China pollution census points to grave agrochemicals risk

Press release - 2010-02-09
China today released its first ever national pollution census, which cites pesticides and fertilizers as responsible for some of the worst environmental problems in the country.

Agricultural pollution has made Chao Lake in Anhui province deadly.

The census marks the first attempt by China to obtain a long-needed comprehensive picture of the country's pollution sources. It has far-reaching implications to China's effort to curb pollution emissions and prioritize environmental policies.

"It is only the first step.  The Chinese government should use the statistics as the benchmark to prioritize the country's biggest pollution issues, review current measures and policies, and set up more stringent pollution control targets in the 12th five-year plan," Greenpeace Campaign Director Sze Pang Cheung said.  "The government should also start monitoring and regulating important pollutants such as Persistent Organic Pollutants which have long-term negative impacts on human health and the environment."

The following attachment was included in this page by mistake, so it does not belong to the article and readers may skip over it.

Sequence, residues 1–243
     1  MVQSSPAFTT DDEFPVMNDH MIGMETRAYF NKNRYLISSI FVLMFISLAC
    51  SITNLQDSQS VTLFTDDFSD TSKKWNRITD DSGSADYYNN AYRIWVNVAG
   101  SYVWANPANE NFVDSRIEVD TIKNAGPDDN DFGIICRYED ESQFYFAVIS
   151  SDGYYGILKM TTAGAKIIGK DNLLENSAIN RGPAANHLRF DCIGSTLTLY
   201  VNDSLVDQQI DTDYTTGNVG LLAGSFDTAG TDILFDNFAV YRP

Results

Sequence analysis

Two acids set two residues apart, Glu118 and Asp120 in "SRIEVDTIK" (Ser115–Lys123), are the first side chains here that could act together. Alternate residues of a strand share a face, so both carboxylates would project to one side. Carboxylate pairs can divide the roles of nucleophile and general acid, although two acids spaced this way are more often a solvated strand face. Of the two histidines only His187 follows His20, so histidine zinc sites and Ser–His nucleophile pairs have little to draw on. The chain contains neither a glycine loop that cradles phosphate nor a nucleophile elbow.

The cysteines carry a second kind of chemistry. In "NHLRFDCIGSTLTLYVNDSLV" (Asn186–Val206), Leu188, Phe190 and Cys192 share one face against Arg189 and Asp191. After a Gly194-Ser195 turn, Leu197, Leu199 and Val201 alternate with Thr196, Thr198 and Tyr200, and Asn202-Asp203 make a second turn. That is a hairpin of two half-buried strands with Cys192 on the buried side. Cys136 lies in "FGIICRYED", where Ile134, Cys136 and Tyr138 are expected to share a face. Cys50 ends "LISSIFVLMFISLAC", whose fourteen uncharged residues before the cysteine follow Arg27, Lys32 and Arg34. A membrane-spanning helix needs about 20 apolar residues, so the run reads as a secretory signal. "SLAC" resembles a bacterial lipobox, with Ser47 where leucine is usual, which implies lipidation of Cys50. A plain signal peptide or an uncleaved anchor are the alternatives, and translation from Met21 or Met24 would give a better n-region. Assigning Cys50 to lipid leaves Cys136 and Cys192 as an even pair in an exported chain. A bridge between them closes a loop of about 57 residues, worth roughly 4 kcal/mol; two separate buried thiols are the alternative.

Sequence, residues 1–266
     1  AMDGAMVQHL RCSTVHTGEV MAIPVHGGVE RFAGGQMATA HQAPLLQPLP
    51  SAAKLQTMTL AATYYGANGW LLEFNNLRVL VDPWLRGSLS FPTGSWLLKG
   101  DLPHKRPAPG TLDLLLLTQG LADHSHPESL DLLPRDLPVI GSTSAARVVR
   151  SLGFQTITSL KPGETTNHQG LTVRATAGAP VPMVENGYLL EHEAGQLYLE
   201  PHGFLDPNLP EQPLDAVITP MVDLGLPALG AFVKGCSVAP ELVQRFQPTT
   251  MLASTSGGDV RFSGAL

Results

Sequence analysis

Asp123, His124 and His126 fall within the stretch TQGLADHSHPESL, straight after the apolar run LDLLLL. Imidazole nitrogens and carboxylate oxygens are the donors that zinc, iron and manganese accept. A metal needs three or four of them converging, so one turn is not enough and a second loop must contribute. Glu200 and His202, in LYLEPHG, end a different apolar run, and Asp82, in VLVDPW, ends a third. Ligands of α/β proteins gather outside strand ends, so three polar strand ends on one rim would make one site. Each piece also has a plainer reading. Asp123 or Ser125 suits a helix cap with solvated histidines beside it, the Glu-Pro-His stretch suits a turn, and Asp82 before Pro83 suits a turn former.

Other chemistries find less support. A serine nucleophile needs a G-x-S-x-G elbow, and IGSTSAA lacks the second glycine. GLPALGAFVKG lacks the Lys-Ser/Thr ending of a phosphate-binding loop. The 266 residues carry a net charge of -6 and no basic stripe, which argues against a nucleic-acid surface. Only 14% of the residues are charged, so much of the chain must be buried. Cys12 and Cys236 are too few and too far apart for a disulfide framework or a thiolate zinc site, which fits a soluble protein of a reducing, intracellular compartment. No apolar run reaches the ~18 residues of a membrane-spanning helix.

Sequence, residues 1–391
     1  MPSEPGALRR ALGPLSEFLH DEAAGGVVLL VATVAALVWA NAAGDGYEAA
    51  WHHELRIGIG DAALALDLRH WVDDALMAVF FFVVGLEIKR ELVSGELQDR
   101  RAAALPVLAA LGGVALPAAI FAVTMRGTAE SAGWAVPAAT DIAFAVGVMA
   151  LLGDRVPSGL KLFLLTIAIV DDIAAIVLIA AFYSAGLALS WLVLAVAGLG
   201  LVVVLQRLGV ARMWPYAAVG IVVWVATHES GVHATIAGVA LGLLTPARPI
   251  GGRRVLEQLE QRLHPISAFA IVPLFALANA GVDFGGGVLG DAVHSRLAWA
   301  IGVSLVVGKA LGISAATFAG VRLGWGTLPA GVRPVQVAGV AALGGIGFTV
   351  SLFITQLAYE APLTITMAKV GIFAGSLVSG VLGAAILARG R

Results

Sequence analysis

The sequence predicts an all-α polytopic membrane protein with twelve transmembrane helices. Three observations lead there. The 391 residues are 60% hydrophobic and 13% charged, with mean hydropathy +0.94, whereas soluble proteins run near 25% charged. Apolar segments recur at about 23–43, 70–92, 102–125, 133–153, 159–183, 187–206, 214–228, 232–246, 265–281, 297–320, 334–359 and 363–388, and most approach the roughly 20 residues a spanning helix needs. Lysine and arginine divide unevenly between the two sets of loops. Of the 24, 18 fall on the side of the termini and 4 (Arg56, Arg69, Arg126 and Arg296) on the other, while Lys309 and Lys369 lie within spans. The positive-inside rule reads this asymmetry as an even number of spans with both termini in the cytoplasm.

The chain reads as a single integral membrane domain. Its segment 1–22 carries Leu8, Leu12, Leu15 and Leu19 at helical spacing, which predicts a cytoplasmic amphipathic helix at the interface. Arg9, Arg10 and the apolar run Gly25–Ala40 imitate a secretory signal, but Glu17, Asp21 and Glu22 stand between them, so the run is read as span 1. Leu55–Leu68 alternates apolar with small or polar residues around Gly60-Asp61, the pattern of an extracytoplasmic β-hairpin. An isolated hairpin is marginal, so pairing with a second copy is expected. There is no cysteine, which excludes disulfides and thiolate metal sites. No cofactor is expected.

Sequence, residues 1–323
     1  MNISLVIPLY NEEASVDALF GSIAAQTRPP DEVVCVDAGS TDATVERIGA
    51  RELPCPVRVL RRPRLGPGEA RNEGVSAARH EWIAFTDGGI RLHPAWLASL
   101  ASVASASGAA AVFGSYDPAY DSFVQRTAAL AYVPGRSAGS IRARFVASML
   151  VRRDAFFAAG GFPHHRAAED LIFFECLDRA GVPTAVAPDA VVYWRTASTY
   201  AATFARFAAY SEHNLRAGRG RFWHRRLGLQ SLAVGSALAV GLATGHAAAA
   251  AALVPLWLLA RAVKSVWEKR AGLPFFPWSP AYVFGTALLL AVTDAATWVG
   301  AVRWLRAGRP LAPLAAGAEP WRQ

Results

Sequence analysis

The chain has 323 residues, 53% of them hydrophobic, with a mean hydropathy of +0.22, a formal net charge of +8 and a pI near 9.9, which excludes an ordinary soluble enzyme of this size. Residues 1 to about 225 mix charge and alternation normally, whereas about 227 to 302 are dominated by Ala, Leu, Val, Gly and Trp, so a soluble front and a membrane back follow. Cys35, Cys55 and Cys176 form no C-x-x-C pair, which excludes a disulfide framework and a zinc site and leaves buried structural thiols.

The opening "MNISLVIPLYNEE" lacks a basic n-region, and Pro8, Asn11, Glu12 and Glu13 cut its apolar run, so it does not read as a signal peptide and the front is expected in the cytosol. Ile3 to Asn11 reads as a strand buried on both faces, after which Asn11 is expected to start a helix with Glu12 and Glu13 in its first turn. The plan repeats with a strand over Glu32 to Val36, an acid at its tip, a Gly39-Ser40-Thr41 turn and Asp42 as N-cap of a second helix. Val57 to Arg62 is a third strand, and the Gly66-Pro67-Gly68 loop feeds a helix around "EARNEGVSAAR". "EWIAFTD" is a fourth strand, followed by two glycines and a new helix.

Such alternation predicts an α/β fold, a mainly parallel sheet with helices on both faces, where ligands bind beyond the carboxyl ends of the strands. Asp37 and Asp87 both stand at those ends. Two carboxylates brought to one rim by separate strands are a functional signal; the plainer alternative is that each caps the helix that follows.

Survey results show that agricultural pollution has become one of China gravest environmental crises.

"China needs to step up fight against the overuse of fertilizers and pesticides and promote ecological agriculture which has obvious advantages for human heath, environment, and sustainable development of agriculture. It appears that the comprehensive pollution data from the census has not been made accessible to the public. We urge the government to immediately establish a strong platform through which the public could easily access a wide range of pollution data.," he added.


Please contact:
Hans Xu: Media Officer, Greenpeace China
+86-10-65546931 ext 123; +86-13401098073;
Greenpeace reactive on China’s first national pollution census